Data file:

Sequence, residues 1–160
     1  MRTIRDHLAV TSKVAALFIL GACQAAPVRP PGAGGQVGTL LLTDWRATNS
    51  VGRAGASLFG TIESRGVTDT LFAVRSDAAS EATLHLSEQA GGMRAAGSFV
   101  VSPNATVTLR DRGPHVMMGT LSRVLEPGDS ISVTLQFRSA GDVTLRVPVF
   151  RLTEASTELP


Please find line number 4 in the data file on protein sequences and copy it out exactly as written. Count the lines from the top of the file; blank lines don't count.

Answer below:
   101  VSPNATVTLR DRGPHVMMGT LSRVLEPGDS ISVTLQFRSA GDVTLRVPVF